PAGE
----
Child Soldiers Global Report 2008 - Laos
|Publisher||Child Soldiers International|
|Publication Date||20 May 2008|
|Cite as||Child Soldiers International, Child Soldiers Global Report 2008 - Laos, 20 May 2008, available at: http://www.refworld.org/docid/486cb1102d.html [accessed 29 April 2016]|
|Disclaimer||This is not a UNHCR publication. UNHCR is not responsible for, nor does it necessarily endorse, its content. Any views expressed are solely those of the author or publisher and do not necessarily reflect those of UNHCR, the United Nations or its Member States.|
Population: 5.9 million (2.8 million under 18)
Government Armed Forces: 29,100
Compulsary Recruitment Age: 18
Voluntary Recruitment Age: 18
Voting Age: 18
Optional Protocol: acceded 20 September 2006
Other Treaties: GC AP I, GC AP II, CRC, ILO 138, ILO 182
The minimum age for conscription and voluntary enlistment was given by the government as 18. There continued to be reports of the use of children as soldiers by armed Hmong groups.
The government continued attacks against thousands of ethnic minority women, men and children living in scattered groups in the Lao jungles and hiding from the authorities, particularly from the military. These predominantly Hmong groups were a remnant of an armed faction who fought alongside the USA in its war against the North Vietnamese, which spilled over into Laos and Cambodia. The Lao People's Army reportedly launched an attack on 6 April 2006 in northern Vientiane province which killed 26 Hmong belonging to a jungle group, of whom 17 were reportedly children and several women. The Hmong groups denied being currently involved in attacks on the military, and after 2004 there were very few reports of such attacks by anti-government groups. While reliable information was very hard to obtain, it appeared that the groups no longer posed a serious military threat to the government.1 Hmong asylum-seekers in Thailand, mostly children, who had been forcibly returned to Laos in December 2005, were detained for over a year on their return to Laos.2
National recruitment legislation and practice
The 1991 constitution states that "Lao citizens have the obligation to defend the country, to maintain the people's security and to fulfil military obligations as prescribed by law" (Article 36). The president may authorize general or partial military conscription and declare a state of emergency nationwide or in a particular locality (Article 53).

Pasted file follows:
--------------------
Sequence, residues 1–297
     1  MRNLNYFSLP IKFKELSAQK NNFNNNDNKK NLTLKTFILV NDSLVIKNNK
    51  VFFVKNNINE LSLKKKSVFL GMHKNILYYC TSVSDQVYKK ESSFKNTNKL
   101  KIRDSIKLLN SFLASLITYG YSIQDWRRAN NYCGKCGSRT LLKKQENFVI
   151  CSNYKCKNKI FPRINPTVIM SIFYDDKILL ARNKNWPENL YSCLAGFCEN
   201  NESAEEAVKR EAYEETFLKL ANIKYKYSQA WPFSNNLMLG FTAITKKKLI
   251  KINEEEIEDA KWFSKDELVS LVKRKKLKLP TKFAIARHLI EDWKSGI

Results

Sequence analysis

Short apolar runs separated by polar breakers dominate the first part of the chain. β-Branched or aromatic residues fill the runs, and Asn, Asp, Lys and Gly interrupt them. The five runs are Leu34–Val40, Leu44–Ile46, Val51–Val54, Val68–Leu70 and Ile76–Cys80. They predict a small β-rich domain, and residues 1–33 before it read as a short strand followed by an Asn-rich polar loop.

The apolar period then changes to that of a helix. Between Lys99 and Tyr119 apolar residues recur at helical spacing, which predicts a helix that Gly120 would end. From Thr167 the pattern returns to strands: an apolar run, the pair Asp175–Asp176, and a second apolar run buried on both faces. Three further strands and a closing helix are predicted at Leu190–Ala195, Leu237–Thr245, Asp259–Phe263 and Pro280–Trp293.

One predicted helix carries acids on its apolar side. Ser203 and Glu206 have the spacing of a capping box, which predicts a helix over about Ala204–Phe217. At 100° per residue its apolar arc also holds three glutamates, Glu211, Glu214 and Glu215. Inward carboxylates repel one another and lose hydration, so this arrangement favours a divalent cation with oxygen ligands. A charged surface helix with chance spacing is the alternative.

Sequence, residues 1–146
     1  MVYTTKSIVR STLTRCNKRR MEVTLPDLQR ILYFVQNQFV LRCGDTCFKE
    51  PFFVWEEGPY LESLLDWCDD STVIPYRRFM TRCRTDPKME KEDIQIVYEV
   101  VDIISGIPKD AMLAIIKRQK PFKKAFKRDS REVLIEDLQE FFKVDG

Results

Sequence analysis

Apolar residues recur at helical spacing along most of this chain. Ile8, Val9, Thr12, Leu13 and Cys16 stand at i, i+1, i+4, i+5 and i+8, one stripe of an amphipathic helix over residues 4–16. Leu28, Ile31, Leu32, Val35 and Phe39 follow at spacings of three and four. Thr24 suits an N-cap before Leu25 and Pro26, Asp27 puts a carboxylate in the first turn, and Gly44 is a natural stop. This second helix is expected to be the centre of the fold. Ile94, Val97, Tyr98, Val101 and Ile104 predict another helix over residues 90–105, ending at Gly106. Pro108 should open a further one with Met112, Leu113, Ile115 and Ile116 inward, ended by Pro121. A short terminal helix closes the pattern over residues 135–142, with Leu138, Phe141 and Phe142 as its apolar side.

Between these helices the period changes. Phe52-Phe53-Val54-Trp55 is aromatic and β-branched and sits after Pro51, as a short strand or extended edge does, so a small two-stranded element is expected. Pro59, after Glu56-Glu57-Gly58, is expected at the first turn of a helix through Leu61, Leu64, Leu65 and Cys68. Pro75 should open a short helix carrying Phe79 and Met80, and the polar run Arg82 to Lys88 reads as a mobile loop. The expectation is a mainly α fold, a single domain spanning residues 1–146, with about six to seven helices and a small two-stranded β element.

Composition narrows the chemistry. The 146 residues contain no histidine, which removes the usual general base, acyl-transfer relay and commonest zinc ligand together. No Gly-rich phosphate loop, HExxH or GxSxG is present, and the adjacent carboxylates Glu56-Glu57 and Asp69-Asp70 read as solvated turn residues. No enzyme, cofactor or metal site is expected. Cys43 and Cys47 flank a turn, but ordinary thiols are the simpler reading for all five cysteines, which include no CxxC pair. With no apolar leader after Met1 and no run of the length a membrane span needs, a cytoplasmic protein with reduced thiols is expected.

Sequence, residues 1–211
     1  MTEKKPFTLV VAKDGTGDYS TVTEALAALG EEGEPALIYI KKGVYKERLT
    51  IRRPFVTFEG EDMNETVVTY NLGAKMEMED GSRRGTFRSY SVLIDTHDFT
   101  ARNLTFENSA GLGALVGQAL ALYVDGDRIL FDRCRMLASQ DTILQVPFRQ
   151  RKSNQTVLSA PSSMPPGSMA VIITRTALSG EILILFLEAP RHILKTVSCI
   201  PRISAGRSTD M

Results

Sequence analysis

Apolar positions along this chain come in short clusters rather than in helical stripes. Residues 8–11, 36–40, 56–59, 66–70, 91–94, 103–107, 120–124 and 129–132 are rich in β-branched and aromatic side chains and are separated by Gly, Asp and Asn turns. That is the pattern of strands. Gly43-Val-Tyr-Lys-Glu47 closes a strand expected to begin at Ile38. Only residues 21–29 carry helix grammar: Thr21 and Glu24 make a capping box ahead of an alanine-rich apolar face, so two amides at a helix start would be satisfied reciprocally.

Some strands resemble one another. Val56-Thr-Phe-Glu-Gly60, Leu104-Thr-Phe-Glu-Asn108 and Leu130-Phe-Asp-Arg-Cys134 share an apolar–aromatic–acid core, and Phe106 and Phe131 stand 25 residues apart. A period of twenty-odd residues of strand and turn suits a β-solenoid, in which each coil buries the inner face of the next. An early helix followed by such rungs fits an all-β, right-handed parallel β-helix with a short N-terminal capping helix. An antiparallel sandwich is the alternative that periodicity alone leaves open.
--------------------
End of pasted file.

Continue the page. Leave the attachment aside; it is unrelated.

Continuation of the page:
According to the government declaration on ratification of the Optional Protocol, the Law on Obligations of National Defence Service stipulated that "all young men of Lao nationality between 18 and 28 years of age, having good health conditions, shall be obliged to serve for a short-term in national defence forces. In case of necessity, young women between 18 and 23 years of age may also be called upon to serve for a short-term in national defence" (Article 13). These provisions, however, were rarely enforced, and there was little or no military service in practice.3
The Law on Obligations of National Defence Service also stated that, following medical checks, a selection process would take place at district level to select voluntary recruits, with good health, for short-term defence services, according to the recruitment number officially set forth on a yearly basis (Article 7). The government declaration on ratification of the Optional Protocol stated that the minimum age at which it would permit voluntary recruitment into its national armed forces was 18.4
Sporadic reports continued to be received of the use of children as soldiers by armed Hmong groups. One journalist who was able to visit the groups clandestinely in October 2006 described and photographed boys apparently aged as young as 15 armed and acting as guards.5 It remained unclear what other military duties such children performed or what training they had received, and whether they were involved in any attacks on government forces or armed resistance to government attacks.
In October 2007 Laos endorsed the Paris Commitments to protect children from unlawful recruitment or use by armed forces or armed groups and the Paris Principles and guidelines on children associated with armed forces or armed groups. The two documents, which were previously endorsed by 59 states at a February 2007 ministerial meeting in Paris, reaffirmed international standards and operational principles for the protection of and assistance to child soldiers, following a wide-ranging global consultation jointly sponsored by the French government and UNICEF.
Laos ratified the Optional Protocol in September 2006, stating in its declaration that the minimum age for entry into the national armed forces, both voluntary and obligatory, was 18.6 It was not known what, if any, implementing legislation had been drafted, or whether the recruitment and use of children as soldiers had been specifically criminalized in national legislation.
Laos ratified the ILO Minimum Age Convention 138 and the ILO Worst Forms of Child Labour Convention 182 in June 2005. The government was preparing to ratify the Rome Statute of the International Criminal Court, and had reportedly drafted implementing legislation as a prerequisite for ratification under its own laws.7
1 Amnesty International (AI), "Hiding in the jungle – Hmong under threat", 23 March 2007.
2 AI, "The Missing Children of Laos", 22 March 2007.
3 Confidential source, March 2007.
4 Declaration of Laos on acceding to the Optional Protocol, 20 September 2006, www2.ohchr.org.
6 Declaration, above note 4.
7 International Labour Organization (ILO), International Labour Standards, www.ilo.org (ilolex database); "Rome Statute of the International Criminal Court Ratification and Implementation in Asia: Some Prospects and Concerns", International Centre for Criminal Law Reform and Criminal Justice Policy, February 2007, www.icclr.law.ubc.ca.